Available offline functionality

With AI models running on physical devices, applications can function even in offline or low-connectivity environments, ensuring uninterrupted operation and user experience. This capability is valuable for mobile apps, IoT devices, and remote or rural areas where internet access may be unreliable.

For example, in agriculture, on-device AI can analyze soil and weather data locally on farming equipment, allowing farmers to make informed decisions even when operating in areas with poor network coverage.

Lower data transfer costs and bandwidth use

By reducing reliance on cloud infrastructure for AI processing, device-based AI can lower operational costs associated with data transfer, server maintenance, and cloud service subscriptions. This is especially beneficial when bandwidth is limited or expensive.

In manufacturing, for example, on-device AI can analyze sensor data on production equipment to detect anomalies and optimize processes without requiring non-stop data transmission to a central server.

Enhanced personalization and user experience

Applications powered by on-device AI deliver faster response times and seamless functionality, leading to higher user satisfaction and engagement. The algorithms can understand the user's context and environment with the data from sensors, cameras, and other built-in components. This allows applications to dynamically adapt their behavior based on location, activity, and user preferences, providing more relevant experiences.

For instance, on-device AI can analyze user behavior and preferences in retail to provide personalized product recommendations directly within a mobile shopping app. In the case of on-device generative AI, the solution can tailor models and responses to individual users' speech patterns, expressions, behaviors, and external data (e.g., from fitness trackers). This customization creates unique user digital personas and enables tailored responses for groups or organizations.

This alone can't provide all these benefits, as a combination of technologies is required to achieve them. Let's discuss the most common ones.

Technologies commonly used with on-device AI

On-device AI requires powerful hardware to run its algorithms on the edge. However, it should also work with other technologies that ensure data collection and preprocessing. Here are the most popular ones.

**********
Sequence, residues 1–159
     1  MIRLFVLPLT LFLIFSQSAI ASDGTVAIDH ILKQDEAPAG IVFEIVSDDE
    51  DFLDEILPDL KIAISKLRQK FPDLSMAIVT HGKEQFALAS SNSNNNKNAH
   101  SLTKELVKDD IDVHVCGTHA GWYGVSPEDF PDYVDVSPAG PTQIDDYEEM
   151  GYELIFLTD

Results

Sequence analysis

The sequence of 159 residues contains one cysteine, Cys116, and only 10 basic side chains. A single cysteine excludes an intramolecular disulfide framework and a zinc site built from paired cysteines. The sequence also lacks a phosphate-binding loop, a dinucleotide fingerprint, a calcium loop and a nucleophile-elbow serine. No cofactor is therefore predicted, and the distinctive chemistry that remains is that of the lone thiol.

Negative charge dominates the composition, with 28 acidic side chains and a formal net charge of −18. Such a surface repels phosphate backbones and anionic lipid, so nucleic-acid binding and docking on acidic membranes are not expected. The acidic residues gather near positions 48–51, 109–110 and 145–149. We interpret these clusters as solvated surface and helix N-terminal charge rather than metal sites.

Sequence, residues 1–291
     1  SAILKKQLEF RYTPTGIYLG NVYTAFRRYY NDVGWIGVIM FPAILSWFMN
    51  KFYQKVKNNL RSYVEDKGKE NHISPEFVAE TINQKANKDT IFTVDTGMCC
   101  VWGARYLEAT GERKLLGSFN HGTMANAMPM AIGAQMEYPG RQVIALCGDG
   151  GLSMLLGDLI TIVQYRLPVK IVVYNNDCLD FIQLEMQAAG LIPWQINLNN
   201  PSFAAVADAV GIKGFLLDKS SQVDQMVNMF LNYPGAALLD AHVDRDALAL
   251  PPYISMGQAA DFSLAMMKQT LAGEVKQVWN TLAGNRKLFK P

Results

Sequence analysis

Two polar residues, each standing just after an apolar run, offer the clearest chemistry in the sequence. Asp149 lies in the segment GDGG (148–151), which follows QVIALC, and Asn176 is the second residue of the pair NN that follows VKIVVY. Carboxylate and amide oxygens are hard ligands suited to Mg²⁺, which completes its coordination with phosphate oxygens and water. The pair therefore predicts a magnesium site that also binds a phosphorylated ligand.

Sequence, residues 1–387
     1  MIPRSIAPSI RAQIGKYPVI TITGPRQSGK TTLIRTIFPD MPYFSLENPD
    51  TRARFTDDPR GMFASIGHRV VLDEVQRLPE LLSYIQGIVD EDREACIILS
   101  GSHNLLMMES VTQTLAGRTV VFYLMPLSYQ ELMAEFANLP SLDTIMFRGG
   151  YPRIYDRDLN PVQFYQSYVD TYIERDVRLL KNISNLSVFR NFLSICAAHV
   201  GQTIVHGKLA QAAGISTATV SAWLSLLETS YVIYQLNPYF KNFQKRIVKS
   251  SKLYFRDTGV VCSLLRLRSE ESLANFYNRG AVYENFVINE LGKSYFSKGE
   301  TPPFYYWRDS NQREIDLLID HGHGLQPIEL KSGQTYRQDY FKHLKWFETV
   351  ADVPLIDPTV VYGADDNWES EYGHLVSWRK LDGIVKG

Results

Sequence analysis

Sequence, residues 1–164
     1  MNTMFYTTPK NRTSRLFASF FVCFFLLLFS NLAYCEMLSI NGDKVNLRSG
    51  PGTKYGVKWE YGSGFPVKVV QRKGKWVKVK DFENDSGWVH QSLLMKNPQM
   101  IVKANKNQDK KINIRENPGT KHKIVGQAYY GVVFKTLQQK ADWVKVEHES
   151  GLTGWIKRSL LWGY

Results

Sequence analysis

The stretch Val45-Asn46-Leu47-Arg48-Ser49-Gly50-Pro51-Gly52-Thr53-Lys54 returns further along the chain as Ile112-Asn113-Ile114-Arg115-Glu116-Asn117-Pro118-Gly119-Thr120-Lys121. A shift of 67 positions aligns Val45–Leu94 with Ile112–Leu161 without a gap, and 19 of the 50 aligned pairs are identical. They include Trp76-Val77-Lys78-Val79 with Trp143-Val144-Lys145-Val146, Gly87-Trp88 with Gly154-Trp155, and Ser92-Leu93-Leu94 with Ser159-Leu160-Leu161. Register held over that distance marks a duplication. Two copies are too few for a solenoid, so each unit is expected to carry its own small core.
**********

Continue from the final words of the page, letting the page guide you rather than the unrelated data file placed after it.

Internet of Things, Machine Learning, Computer vision, Edge computing, Cloud, and 5G are the most popular technologies used with on device AI

Internet of Things

In on-device AI, IoT devices play a crucial role in collecting data from sensors embedded in the environment, enabling real-time monitoring and analysis. These devices utilize sensor fusion techniques to integrate data from multiple sensors, allowing for a comprehensive analysis of the surroundings.

Powered with AI, IoT devices can autonomously detect anomalies, make decisions locally, and operate efficiently without constant reliance on centralized servers. The integration of IoT and AI that runs on a physical device enhances the intelligence and autonomy of edge devices, leading to more efficient and effective IoT deployments across industries.

Machine Learning

Machine Learning (ML) frameworks like TensorFlow Lite, PyTorch Mobile, and Core ML enable developers to deploy ML models directly onto devices, allowing for real-time inference and on-device processing.

In addition, on-device AI requires Natural Language Processing (NLP) libraries such as NLTK, SpaCy, and Hugging Face Transformers. They enable on-device AI applications to understand and process natural language inputs, enabling features like voice recognition and language translation.

Read on: Machine Learning consulting: From a concept to measurable business value

Computer vision

Computer vision (CV) libraries like OpenCV and TensorFlow.js enable on-device AI applications to analyze and interpret visual data obtained from the cameras. CV facilitates object detection, image, facial, and gesture recognition tasks.

For example, smartphones with facial recognition technology can unlock the device or authorize payments securely using the device owner's face as a biometric identifier.

Edge computing

Edge computing platforms provide computational resources closer to the data source, reducing latency and enabling faster decision-making. AWS IoT Greengrass and Azure IoT Edge support device-based AI by deploying ML models directly on edge devices.